7,105 posts, read 9,701,079 times
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Wouldn't the best way to answer some of these questions intelligently be to be able to read the policy? For example there might be hidden in all the boiler plate lingo something that says"oh and BTW if you sell at...bla, bla, you will be sued later by xyz"

So how can we see the policy? This might be of interest to all those that have PMI and maybe prepare them for something they think there're covered for.
 
Old 07-16-2008, 12:17 PM
 
Location: State of Being
35,885 posts, read 67,023,037 times
Reputation: 22370
Here is something worth reading, even tho the question came from someone in Florida. It does explain a bit more . . . and seems worth reading (to me, anyway).

"PMI is ultimately for the benefit of the lender. It really isn't insurance for you. And the insurance company can look to you to make good if it suffers a loss."

HUD Properties: Foreclosure and PMI, deficiency judgments, judgements
 
Old 07-16-2008, 12:26 PM
 
Location: Up above the world so high!
45,270 posts, read 88,319,180 times
Reputation: 39846
Quote:
Originally Posted by anifani821 View Post
Here is something worth reading, even tho the question came from someone in Florida. It does explain a bit more . . . and seems worth reading (to me, anyway).

"PMI is ultimately for the benefit of the lender. It really isn't insurance for you. And the insurance company can look to you to make good if it suffers a loss."

HUD Properties: Foreclosure and PMI, deficiency judgments, judgements


"PMI is ultimately for the benefit of the lender. It really isn't insurance for you. And the insurance company can look to you to make good if it suffers a loss" Ani, don't people know this already??? It scares me that there are homeowners who might not.
 
Old 07-16-2008, 12:34 PM
 
795 posts, read 3,913,691 times
Reputation: 984
johne - i think what you're suggesting is one of two things: either read the mortgage note or read the agreement that you sign with your pmi company. if i am right about this, here is my response:

the note that this particular borrower signed is a standard note, there is no special language in it with regard to the pmi company being able to sue at any point in time.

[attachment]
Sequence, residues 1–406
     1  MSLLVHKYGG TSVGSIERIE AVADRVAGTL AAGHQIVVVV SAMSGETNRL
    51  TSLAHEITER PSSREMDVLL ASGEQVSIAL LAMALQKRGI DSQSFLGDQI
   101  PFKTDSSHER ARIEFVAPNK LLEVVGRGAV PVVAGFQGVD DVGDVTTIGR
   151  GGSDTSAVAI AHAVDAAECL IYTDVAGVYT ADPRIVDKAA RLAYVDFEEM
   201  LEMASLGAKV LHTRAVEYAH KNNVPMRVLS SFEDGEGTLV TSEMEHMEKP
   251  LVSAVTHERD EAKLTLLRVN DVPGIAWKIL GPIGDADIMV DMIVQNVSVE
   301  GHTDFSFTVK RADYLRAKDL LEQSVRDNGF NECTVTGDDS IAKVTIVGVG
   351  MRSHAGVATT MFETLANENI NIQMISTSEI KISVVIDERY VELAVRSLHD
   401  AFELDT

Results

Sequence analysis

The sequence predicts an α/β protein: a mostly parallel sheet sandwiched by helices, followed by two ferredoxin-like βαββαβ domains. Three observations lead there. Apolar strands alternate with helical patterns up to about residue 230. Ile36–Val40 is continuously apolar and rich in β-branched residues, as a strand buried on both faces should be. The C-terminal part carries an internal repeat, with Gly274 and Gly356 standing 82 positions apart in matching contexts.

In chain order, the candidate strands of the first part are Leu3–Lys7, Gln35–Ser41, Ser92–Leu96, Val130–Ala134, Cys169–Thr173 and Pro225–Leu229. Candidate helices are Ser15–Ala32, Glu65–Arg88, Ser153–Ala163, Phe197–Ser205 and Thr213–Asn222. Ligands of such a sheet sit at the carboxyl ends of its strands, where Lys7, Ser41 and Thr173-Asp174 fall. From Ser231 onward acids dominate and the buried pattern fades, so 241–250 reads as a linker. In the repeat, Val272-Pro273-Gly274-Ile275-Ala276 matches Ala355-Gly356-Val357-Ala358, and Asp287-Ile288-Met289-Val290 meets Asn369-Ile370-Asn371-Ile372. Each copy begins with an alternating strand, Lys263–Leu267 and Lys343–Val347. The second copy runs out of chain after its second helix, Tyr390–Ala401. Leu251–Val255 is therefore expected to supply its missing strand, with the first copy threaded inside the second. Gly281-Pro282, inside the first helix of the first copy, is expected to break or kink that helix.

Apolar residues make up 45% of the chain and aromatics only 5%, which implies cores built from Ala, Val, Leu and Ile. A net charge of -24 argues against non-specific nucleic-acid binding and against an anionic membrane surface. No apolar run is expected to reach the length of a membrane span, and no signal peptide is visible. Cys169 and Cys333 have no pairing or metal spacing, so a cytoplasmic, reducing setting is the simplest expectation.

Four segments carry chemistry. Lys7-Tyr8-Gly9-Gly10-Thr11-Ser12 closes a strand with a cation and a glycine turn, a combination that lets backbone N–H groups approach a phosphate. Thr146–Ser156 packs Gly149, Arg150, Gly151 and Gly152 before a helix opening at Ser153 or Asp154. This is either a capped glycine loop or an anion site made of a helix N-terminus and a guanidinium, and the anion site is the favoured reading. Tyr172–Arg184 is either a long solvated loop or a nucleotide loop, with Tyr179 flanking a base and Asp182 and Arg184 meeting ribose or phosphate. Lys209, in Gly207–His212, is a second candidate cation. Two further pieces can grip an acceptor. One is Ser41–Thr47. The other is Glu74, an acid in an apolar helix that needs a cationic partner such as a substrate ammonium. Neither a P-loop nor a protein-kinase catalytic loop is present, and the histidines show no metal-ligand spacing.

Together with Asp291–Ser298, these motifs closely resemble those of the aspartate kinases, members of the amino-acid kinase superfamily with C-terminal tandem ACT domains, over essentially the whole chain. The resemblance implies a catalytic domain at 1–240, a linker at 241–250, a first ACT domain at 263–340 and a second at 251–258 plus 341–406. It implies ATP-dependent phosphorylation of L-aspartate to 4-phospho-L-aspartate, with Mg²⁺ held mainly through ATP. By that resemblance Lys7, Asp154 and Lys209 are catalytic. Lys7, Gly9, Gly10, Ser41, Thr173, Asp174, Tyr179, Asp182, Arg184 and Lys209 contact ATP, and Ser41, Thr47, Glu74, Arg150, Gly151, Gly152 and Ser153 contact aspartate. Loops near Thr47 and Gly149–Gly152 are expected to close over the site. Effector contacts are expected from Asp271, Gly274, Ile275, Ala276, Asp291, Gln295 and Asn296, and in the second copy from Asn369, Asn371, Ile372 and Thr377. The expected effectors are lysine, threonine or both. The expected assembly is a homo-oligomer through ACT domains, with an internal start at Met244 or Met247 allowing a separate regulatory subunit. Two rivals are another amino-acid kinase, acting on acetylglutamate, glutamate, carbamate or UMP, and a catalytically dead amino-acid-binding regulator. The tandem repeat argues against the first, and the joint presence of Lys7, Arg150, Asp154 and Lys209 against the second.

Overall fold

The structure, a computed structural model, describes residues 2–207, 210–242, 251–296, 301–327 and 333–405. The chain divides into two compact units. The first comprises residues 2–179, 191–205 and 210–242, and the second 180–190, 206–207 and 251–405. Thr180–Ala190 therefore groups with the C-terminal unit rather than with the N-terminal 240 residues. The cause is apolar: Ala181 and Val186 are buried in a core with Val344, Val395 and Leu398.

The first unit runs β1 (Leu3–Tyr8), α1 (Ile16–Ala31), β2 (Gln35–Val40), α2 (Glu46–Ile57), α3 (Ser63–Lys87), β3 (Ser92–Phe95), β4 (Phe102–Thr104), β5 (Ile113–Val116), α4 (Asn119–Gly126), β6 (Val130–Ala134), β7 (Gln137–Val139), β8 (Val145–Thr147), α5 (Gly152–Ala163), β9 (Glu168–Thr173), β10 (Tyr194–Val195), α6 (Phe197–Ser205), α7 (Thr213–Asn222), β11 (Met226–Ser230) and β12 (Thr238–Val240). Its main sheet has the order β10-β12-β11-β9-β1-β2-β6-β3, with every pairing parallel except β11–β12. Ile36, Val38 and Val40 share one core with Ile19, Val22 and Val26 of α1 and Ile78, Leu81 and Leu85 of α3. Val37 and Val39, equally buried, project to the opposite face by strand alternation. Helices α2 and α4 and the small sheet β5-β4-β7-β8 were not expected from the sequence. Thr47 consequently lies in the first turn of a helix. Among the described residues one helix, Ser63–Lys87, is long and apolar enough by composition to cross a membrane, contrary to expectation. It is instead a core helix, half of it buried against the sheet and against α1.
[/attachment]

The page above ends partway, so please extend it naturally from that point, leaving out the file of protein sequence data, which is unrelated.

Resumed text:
and, you probably know this already, but a borrower typically doesn't sign (or even see) any kind of agreement with a pmi company. in many cases, a borrower doesn't even know what company they're actually paying pmi to.

so, actually, there IS nothing in any of the mortgage documents i've read that indicated that this borrower could be sued by a pmi company.

the civil suit papers indicate that the pmi company is able to pursue the lawsuit b/c they paid on a loss claim that was greater than the deficiency balance owed on the home after the foreclosure sale, which seems to me to be a technicality of law.

that's why i'm trying to find out if this is legal or if it is an arguable technicality.

(btw, i worked in consumer real estate at one of charlotte's big bank's writing training teaching banking center associates how to sell mortgages...you'd think if anybody would have encountered the answer to this question, i would have. but i haven't.)
 
Old 07-16-2008, 12:40 PM
 
Location: State of Being
35,885 posts, read 67,023,037 times
Reputation: 22370
Quote:
Originally Posted by lovesMountains View Post
"PMI is ultimately for the benefit of the lender. It really isn't insurance for you. And the insurance company can look to you to make good if it suffers a loss" Ani, don't people know this already??? It scares me that there are homeowners who might not.
Well, it is the way PMI is presented to the buyer. It is not explained as an insurance instrument that basically only insures the "top slice" of the mortgage.

I gotta be honest - the only reason I really understand PMI is b/c I got a two year real estate degree "back when." I was even able to get PMI removed off my house, after only making a 10% downpayment - at less than 3 years - b/c I had made sure my policy allowed me to have an appraisal performed at any point to prove appreciation. Most people would not know to do that and some insurance policies exclude that (may impose length of time to hold policy, may impose 25/75% rather than 20/80% value, etc).

I think most of us would perceive that PMI "covered us" against foreclosure the way "mortgage death benefit insurance" covered our parents. If a covered person died, the insurance company paid off the remaining loan.

PMI is an instrument that was developed to cover lenders in case of default. don't think buyers are told that; it is not explained as a way of indemnifying the lender rather than the buyer.

EDIT: I misspoke. I never saw a PMI "policy" per se. I asked my lender, in writing, b/f the closing, what their rules were for removing PMI. So now that I think about it - I never have seen any "policy" - I got my info straight from the lender.

Last edited by brokensky; 07-16-2008 at 12:44 PM.. Reason: edit to add info